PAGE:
How Jedi Duels Inspired a Cyberpunk Swordfighter
Michael Chang, creator of the third-person swordfighting game Blade Symphony, meets the man who inspired him to dive into game design: Mike Gummelt.
We'll begin emailing you updates about %gameName%.
Behind every great idea, there's a spark of inspiration. Video games are no different, and as the next generation of developers unveil their creations, you can often spot the source of their ideas. A few weeks ago, I met with Michael Chang, creator of the stylized swordfighting game Blade Symphony. Seeing the game in motion, I was instantly reminded of the lightsaber combat from Star Wars Jedi Knight II: Jedi Outcast--and this wasn't a coincidence.
As it turns out, Jedi Outcast--a game now over a decade old--was a major influence during Blade Symphony's development, and Chang himself had been a regular in Outcast's lightsaber dueling community. I was then surprised to learn he had never crossed paths with Mike Gummelt, the man who designed that saber combat system. Now, in the almost hour-long interview below, these two developers meet for the first time to deconstruct Outcast's lightsaber mechanics and talk about classic samurai movies. It's a highly technical discussion of a game that greatly impacted both of their lives.
What is Blade Symphony?
Blade Symphony is a third-person swordfighting game unlike anything I've seen recently in the fighting genre. It combines classical architecture, cyber ninjas, and an extremely robust combat system into a high-speed blend of slicing and dicing. As Chang describes it, in Blade Symphony, "you're basically playing filmed and staged swordfighting. We didn't want to go hyperrealistic. It's not supposed to be a swordfighting simulation; it's supposed to be highly stylized and fluid."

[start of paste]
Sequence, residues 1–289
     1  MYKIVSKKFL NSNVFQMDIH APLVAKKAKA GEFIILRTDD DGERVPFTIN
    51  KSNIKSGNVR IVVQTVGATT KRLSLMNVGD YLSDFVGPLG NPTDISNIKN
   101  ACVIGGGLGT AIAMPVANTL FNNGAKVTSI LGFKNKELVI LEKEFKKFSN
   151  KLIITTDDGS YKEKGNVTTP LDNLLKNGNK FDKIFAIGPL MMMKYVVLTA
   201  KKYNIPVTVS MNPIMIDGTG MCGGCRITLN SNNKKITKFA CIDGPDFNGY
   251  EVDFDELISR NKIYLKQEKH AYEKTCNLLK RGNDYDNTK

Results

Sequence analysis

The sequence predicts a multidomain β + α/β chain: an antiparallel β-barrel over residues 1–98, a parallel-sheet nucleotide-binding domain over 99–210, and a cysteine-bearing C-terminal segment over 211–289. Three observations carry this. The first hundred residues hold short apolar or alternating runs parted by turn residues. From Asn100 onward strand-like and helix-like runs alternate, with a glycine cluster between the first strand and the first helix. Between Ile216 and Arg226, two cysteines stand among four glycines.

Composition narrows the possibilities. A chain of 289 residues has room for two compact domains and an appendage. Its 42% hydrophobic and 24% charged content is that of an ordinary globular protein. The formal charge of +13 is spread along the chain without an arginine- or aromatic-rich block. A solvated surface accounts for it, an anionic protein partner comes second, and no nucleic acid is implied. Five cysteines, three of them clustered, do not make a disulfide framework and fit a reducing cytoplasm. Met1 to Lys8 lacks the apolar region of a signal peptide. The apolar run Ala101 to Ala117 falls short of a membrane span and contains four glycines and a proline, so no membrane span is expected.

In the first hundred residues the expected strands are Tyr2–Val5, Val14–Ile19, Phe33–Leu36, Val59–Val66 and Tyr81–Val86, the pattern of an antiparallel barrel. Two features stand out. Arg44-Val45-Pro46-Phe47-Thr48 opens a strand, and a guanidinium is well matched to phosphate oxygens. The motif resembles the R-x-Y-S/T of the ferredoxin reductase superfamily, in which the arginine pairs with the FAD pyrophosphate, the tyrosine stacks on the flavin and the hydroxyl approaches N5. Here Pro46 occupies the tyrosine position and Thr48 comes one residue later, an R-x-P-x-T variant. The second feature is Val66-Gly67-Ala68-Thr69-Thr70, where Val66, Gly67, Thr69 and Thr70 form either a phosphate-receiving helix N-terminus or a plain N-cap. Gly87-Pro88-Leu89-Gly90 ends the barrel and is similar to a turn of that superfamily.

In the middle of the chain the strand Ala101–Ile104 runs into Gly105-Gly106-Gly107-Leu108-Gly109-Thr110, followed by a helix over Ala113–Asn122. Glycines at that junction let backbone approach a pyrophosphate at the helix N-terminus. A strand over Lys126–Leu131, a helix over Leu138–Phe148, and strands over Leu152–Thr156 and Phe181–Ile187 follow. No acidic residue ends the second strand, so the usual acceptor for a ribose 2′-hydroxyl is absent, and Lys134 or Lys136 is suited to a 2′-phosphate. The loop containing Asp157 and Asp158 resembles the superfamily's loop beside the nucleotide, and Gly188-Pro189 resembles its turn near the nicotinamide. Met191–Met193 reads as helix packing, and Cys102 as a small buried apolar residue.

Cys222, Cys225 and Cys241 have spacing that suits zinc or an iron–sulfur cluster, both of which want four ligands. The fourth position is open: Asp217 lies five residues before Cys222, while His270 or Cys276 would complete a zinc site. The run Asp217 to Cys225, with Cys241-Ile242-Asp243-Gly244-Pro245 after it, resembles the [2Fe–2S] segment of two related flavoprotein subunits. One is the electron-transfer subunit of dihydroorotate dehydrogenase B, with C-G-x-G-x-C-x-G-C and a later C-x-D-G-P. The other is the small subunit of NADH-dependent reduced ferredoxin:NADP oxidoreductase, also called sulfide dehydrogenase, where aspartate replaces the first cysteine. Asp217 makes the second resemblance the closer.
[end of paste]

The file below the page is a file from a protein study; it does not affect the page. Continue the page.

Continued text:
Blade Symphony began as a humble Half-Life 2 mod using Valve's Source engine. In 2011--after Chang and his team merged with fellow modders Team Dystopia--a Blade Symphony Kickstarter campaign was launched to help make the game into a full retail release. The campaign was a success, and today, development is running strong on Blade Symphony. An early version is now available through Steam's early-access program, and on the game's official page.
What is Jedi Outcast?
Star Wars Jedi Knight II: Jedi Outcast was the fourth game in LucasArts' Jedi Knight series (assuming you include Dark Forces). It mixed third- and first-person combat with an array of lightsabers, blasters, and Force powers. This diversity of weapons and powers could lead to some hilarious scenarios if you--like me--switched on the game's console commands and spawned an entire army of Lando Calrissians to fight by your side. And to push off a building. And to battle a Rancor.
The game was a critical success--garnering a 9.0 from GameSpot's own Amer Ajami--and was praised for combining several different mechanics and modes into one, well-executed package. For a dedicated segment of the Outcast community, one-on-one lightsaber dueling became an obsession. Within this futuristic fight club, there were no Force powers or fancy gadgets, just the purity of saber-on-saber competition. This robust fighting mechanic, designed by Mike Gummelt, took on a life of its own and would ultimately inspire a young Michael Chang to create Blade Symphony.'